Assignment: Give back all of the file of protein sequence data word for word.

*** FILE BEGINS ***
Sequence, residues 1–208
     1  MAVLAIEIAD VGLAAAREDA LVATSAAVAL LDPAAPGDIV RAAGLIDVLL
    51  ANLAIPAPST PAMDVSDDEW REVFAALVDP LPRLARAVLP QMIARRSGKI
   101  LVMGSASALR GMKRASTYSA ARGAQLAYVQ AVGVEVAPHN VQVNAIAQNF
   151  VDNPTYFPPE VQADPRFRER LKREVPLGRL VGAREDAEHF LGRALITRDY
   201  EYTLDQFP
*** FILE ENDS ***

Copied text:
Sequence, residues 1–208
     1  MAVLAIEIAD VGLAAAREDA LVATSAAVAL LDPAAPGDIV RAAGLIDVLL
    51  ANLAIPAPST PAMDVSDDEW REVFAALVDP LPRLARAVLP QMIARRSGKI
   101  LVMGSASALR GMKRASTYSA ARGAQLAYVQ AVGVEVAPHN VQVNAIAQNF
   151  VDNPTYFPPE VQADPRFRER LKREVPLGRL VGAREDAEHF LGRALITRDY
   201  EYTLDQFP